Land Area: 2,564 square miles

Population (2020): 34,676

County Seat: North Platte


  • Brady, 428
  • Dickens, unincorporated
  • Hershey, 649
  • Maxwell, 257
  • North Platte, 23,390
  • Sutherland, 1,313
  • Wallace, 318
  • Wellfleet, 72

School Districts:

  • North Platte Public Schools, North Platte
  • Brady Public Schools, Brady
  • Maxwell Public Schools, Maxwell
  • Hershey Public Schools, Hershey
  • Country Center District #44 Public School, North Platte
  • Sutherland Public Schools, Sutherland
  • Wallace Public School, Wallace

Early Settlement

The first United States Government expedition was made in 1819, under Major Long, who traveled up the north side of the Platte, and crossed just above the forks of the two rivers; thence going up the valley between the two rivers about two miles, and then traveling south they passed over the present site of the town North Platte, and crossed the South Platte about two miles below the town, probably  near where the Iron Wagon Bridge is now, and then proceeded up the south side of the South Platte.
Titian Peale, the naturalist, now living in Philadelphia at an advanced age, was with this expedition. The Peale family, now living at North Platte, are relatives of his.
In 1835, Colonel Henry Dodge visited this country in the United States Government employ, with an expedition of 117 men, for the purpose of persuading the Arickaree Indians, then occupying this region, to leave their wild life and become civilized.  He had the authority from the Government to give aid to them should they accept the offer.  Colonel Dodge camped with his men at the Cottenwood Springs, afterward called Fort McPherson, and attempted to hold council with the tribe, but they feared the soldiers and fled to the timbered region at the head of the Fremont Slough.
On July 5th, Colonel Dodge finally held a council with the indians at this place, near what is now known as the Scherz Farm, ten miles southwest of the town of North Platte.  The object of the meeting was to have the indians accept a reservation; the only real result was the usual presents from the whites; and promises of good will and friendship from the indians.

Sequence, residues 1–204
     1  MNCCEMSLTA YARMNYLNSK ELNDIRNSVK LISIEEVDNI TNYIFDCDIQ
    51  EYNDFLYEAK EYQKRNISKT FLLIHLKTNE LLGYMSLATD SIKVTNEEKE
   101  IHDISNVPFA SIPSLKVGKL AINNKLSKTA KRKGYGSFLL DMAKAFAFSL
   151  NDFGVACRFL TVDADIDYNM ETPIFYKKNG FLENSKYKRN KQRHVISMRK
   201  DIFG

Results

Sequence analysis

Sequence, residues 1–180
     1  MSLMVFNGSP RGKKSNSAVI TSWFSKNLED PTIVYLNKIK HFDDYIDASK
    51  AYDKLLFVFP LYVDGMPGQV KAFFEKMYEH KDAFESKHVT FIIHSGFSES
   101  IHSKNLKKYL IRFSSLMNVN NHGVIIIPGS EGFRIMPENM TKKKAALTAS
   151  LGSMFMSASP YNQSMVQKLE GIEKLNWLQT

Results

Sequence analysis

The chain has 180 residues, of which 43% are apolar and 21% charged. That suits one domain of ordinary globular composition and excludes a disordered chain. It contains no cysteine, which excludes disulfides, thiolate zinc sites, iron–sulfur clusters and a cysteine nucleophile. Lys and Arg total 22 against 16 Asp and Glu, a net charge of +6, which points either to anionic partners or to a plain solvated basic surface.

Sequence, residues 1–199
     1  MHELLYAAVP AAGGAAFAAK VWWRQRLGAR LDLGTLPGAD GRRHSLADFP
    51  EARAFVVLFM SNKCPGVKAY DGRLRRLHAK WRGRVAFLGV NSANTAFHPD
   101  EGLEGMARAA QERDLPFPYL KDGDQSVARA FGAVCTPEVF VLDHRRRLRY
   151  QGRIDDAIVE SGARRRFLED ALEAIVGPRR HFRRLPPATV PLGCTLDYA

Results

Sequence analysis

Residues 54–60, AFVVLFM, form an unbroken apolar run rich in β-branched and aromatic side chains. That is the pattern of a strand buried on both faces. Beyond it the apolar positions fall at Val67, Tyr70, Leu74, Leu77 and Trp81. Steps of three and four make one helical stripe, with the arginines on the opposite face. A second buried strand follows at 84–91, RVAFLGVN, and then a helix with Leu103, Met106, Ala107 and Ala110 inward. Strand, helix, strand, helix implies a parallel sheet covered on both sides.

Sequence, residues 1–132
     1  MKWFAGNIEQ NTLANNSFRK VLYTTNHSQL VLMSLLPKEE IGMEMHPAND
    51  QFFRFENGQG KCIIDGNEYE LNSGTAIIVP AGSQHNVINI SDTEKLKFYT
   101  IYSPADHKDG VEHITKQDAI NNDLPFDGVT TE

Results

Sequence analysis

In 1843, Colonel J. C. Fremont, making his expedition up the Platte.  Traveling up the south side of the Platte until he reached the forks, he crossed the South Platte at the place which is now the farm of Alex Struthers, about two miles from the present town of North Platte.  He marched west between the rivers, camping for the night about eighteen miles west of the forks near what is now known as Keith’s ranch.
During 1844, travel up the Platte River became quite frequent, and the first building in the county was built by an unknown Frenchman near the present resident of Mrs. Burke, at Fort McPherson.  The building was made of cedar logs, with iron doors, and was used as a trading post, but was abandoned in 1848.
In 1852, a man named Brady settled on the south side of the island now bearing his name, and built a house of cedar logs, about one quarter of a mile from the present residence of Mrs. Burke.  Brady was thought to have been killed some time during the following year by Indians.
In 1858, the first permanent settlement in the county was made at Cottonwood Springs, and the first building was built by Boyer & Robideau in the fall of that year, to be used as a trading post.  The place was named Cottonwood Springs, made up of about one hundred acres, surrounded by heavy growth of cottonwood trees.
Also, in 1858, another trading post was started at O’Fallon’s Bluffs, located on the south side of the river and several miles above the town of O’Fallon’s.
Several trading posts were established at convenient distances all the way from Fort Kearney to the mountains.